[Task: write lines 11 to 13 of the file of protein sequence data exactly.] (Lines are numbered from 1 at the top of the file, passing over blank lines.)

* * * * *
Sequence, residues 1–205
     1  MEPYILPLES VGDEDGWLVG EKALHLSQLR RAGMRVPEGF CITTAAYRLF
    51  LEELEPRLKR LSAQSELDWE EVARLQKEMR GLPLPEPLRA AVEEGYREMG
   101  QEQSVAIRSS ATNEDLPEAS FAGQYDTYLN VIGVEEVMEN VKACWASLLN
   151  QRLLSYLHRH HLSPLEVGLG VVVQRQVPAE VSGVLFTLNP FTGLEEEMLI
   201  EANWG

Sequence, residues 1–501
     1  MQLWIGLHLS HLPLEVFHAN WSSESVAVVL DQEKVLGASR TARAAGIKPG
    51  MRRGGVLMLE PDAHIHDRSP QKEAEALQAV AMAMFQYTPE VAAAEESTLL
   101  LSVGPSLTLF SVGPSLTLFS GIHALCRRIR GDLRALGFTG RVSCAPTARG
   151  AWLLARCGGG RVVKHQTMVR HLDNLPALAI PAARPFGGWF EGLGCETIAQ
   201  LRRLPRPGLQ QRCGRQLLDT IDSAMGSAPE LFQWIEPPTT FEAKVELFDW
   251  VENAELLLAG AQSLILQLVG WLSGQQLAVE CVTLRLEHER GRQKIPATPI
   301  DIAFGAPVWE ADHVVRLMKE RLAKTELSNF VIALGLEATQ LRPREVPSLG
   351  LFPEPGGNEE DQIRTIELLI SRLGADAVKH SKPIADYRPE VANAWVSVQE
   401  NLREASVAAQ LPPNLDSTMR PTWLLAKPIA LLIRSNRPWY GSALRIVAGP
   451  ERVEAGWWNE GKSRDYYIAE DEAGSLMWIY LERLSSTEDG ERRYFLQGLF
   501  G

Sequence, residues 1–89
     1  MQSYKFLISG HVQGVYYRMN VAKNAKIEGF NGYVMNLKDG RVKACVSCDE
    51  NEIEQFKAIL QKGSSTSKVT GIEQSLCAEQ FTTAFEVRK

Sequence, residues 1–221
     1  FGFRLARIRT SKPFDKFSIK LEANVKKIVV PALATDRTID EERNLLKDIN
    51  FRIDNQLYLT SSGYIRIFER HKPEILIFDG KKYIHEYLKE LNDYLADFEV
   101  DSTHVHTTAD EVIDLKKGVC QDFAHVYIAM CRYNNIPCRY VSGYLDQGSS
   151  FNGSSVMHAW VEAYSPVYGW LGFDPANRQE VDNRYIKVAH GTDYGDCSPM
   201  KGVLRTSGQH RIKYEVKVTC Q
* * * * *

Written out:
   151  AWLLARCGGG RVVKHQTMVR HLDNLPALAI PAARPFGGWF EGLGCETIAQ
   201  LRRLPRPGLQ QRCGRQLLDT IDSAMGSAPE LFQWIEPPTT FEAKVELFDW
   251  VENAELLLAG AQSLILQLVG WLSGQQLAVE CVTLRLEHER GRQKIPATPI